Mechanisms of cognitive control: Testing a neurocomputational model using emotion and reward in a challenge paradigm
In this project, we use an existing neural network computational model to generate hypotheses and predictions about the neural substrates and mechanisms of working memory and cognitive control. A powerful tool for elucidating mechanisms is to use a task-irrelevant challenge to tax cognitive processing to the point at which some aspect of its underlying structure is revealed, e.g., through dissociations. In our previous research, we have used dual task methods, normal aging, psychopathology, and administration of pharmacological agents in this way. Here, we use normal affect as such a tool, one likely to be additionally informative given its strong psychological validity and functionally specific influences on self-regulation. In behavioral and brain imaging studies, we will test predictions of the model under two related but distinct types of affective challenge: induced emotional states, and the delivery of unexpected rewards. We anticipate that the affective challenge paradigm will yield data that will not only confirm our conceptual model but also necessitate an extension. Specifically, finding a divergent influence of emotion on spatial vs. verbal processing would require more than a single kind of internal representation. Thus, we will:
1. Test the role of prefrontal cortex (PFC) in verbal and spatial processing during emotional states
We hypothesize that activity in lateralized PFC subsystems specialized for active maintenance of verbal and spatial information will vary by positive (approach) and negative (withdrawal) emotional state. Study 1.1 will use behavioral measures to test two counterintuitive hypotheses supported by 3 preliminary studies: 1) that a negative emotional state will impair verbal active memory but, counterintuitively, will improve spatial active memory; and 2) that a positive emotional state will produce the opposite pattern of performance (improved verbal but impaired spatial active memory). Study 1.2 will use fMRI to test directly the hypothesis that the dissociation between verbal and spatial active memory revealed by emotional states is mediated by lateralized PFC activity. Study 1.3 will use computational analyses tosimulate these effects of emotion as a shift in the balance between two competing neuromodulatory sub-systems. The simulations will test whether this extension to the model can capture the empirical dissociations in both behavioral performance and brain activation.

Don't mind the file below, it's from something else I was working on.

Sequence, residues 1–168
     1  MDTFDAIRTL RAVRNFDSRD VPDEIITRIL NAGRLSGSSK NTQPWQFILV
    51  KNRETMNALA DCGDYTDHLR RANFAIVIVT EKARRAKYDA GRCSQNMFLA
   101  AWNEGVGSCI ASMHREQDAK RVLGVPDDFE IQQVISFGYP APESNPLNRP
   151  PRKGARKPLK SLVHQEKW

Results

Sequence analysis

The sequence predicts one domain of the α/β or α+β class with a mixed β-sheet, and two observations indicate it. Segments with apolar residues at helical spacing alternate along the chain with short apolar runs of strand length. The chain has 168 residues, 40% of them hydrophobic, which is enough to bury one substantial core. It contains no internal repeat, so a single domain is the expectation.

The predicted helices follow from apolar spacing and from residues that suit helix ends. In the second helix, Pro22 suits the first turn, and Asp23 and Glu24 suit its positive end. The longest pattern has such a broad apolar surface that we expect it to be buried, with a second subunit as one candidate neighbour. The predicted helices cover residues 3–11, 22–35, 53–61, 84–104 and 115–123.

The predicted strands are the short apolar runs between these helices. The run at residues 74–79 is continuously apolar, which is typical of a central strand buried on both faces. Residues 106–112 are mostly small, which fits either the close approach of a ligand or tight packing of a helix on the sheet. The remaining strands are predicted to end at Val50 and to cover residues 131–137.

2. Test the role of dopamine (DA) and PFC in cognitive control after an unexpected reward
We predict that unexpected rewards will also have specific influences on cognitive control, based on the dual role we postulate for the DA system inreward prediction and active memory regulation. Study 2.1 will use behavioral measures to test 3 hypotheses about the effects of task-irrelevant reward on performance: 1) delivery of reward during the initial presentation of an item to be actively maintained will facilitate active maintenance of the item; 2) delivery of reward during the delay period in which an item must be actively maintained will disrupt active maintenance; and 3) delivery of reward during presentation of interfering distractors will lead to a replacement of the item by the distractor. Study 2.2 will use state-of-the-art event-related fMRI to test whether reward delivery modulates active maintenance in PFC. We predict that: 1) rewards delivered during the initial presentation of the item will enhance the event-related PFC response; and 2) rewards delivered during the delay period will lead to decay in the event-related PFC response. Study 2.3 will be computational analyses of the relationship between unexpected rewards and DA activity dynamics, and the consequences of reward-mediated DA modulation for the active maintenance of information items in PFC. The simulations will test whether the model can capture detailed aspects of the behavioral and brain imaging data.
These studies have the potential to further scientific knowledge by both testing and extending an existing model of cognitive control, refining our understanding of how the DA and PFC systems mediate cognitive control. This work could enhance our understanding of human performance, and lead to improved techniques for optimizing performance using normal affect. In addition, these studies could provide another step toward a detailed, mechanistic understanding of the interactions between cognitive and affective systems.